Culture

6 Myths Latinas Can’t Live Down Thanks to Stereotypes on TV

Latina roles in the media haven’t changed since… well, since there were roles for Latinas in the media. Although Latinas are more than deserving of their time on TV, these roles have perpetuated the stereotypes and stigma for the entire Latina population.

The roles that portray us as exotic, hypersexual, voluptuous, ultra-feminine, spanish-speaking or submissive run rampant in the media — think the likes of Sofía Vergara, Roselyn Sanchez and Lupe Ontiveros — and are similar to how Latinas are perceived in real life.

READ: How Telenovelas Lied to Us About Sex

In her article “6 Harmful Myths About Sex and Latinas,” poet and writer Erika Sanchez says the affects go further than that, “Unfortunately, this pigeon-hole doesn’t only affect the way others perceive us, it also influences the way we view ourselves. Even knowing that these portrayals are ridiculous, some of us may also fall into the trap. The media is that powerful.”

And those established roles leave no room for roles about real Latinas, especially from the LGBT community.

Read more about these long-standing myths from Salon here.

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Former ‘Teen Wolf’ Star Tyler Posey Admits That He Has Gone to ‘Sex Parties’ During the Pandemic

Entertainment

Former ‘Teen Wolf’ Star Tyler Posey Admits That He Has Gone to ‘Sex Parties’ During the Pandemic

Photo by Mike Coppola/Getty Images

Sounds like Tyler Posey isn’t taking social distancing too seriously! The actor recently revealed that he attended a “sex party” in recent weeks–smack dab in the middle of a global pandemic.

The “Teen Wolf” star talked about his sex party experience while being interviewed by Sirius XM’s “The Jason Ellis Show”.

The Mexican-American actor started the interview by being candid about his sobriety journey, saying he hadn’t been as social recently because he “went through a rough patch”. But, he has since changed his ways. “I’m sober now,” he revealed. “I’m 71 days sober.”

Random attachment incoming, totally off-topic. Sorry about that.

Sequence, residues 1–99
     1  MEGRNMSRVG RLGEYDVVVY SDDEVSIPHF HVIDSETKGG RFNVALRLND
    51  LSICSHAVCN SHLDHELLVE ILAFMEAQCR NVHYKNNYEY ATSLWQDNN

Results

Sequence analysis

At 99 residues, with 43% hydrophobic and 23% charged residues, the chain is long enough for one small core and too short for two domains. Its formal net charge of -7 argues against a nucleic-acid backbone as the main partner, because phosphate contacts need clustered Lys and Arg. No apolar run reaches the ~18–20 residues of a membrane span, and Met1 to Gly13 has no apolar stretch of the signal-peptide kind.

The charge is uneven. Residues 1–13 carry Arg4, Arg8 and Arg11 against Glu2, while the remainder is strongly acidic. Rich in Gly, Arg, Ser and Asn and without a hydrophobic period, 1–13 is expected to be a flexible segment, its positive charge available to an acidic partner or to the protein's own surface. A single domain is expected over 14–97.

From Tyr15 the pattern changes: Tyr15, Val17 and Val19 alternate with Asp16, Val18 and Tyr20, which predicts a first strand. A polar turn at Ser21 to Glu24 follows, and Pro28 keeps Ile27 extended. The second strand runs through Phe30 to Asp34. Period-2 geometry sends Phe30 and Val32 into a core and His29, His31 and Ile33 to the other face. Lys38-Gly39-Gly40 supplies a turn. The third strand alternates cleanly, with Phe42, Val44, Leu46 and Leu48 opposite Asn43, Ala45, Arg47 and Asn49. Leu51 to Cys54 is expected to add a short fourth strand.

Posey then gave an example of how deeply uninterested he is in doing drugs now. “I was at a party the other night where they had a table of cocaine, just a table,” he said. “And they had Holy water, which was shots with Molly in it, and mushroom chocolate. And I didn’t give a s— at all.”

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The scent of a woman. Five North

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When Ellis asked him what kind of party this was, the “Jane the Virgin” actor admitted that it was a “sex party” where “people were hired to perform”.

Yes, Posey attended a sex party in the middle of a pandemic. Doesn’t exactly scream “safe”. Posey went on to explain that, although he did not have sex with any of the guests at the party this time, he had done so before.

“I have been to other sex parties, one other one, where it was like, uh….and I was like…” at this point, he broke into giggles before continuing. “I wasn’t part of the people who work there, but I was doing it.”

Tyler Posey has been making headlines recently for a myriad of reasons. In August, he came out on his Instagram page while condemning violence against trans women.

“I’ve been with trans women before. I’m confident with my sexuality,” he said in a wide-ranging series of Instagram stories. “I love everybody. I don’t give a s— what anyone thinks about me.”

Not only that, but Posey joined OnlyFans in September, where he has been further opening up about his sexuality and showing off his body for his fans.

While we’re all about being sex-positive and we’re happy that Posey is finding himself, any types of large gatherings right now are risky to public safety. And the likelihood that people were wearing masks at a sex party is…low. Let’s just hope they were safe in other ways!

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Latinas Are Offering Advice To Undocumented Women, New Moms And Those Who Are Struggling On How To Receive Affordable Therapy

Fierce

Latinas Are Offering Advice To Undocumented Women, New Moms And Those Who Are Struggling On How To Receive Affordable Therapy

ClassicStock / Getty

Finding the best psychologist or mental health worker for you isn’t an easy feat.

For one, finding someone you feel you can trust enough to open up to about your insecurities and inner turmoils is hard enough but finding someone who is covered by your health insurance can be even more difficult. On top of that, factors like location and time often come into play. Women of color in particular face a certain type of challenge when it comes to mental health care. According to the American Psychological Association, just 5.3% of psychologists in the United States are Black. Eighty-three percent are white. This means finding a mental health provider who can connect with your personal experiences can be beyond difficult.

We asked our users on Fierce for mental health provider tips and received some pretty inciteful answers.

Check them out below!


“Ask about sliding scales (cost based on income), check with insurance provider, apply for government-funded health care benefits, seek support from your child’s school—can refer you to a provider, college students can ask about on-campus services, workplace can also direct you to resources. Being resourceful is so important especially when it comes to our well-being. Hope this helps.” –karinalizlu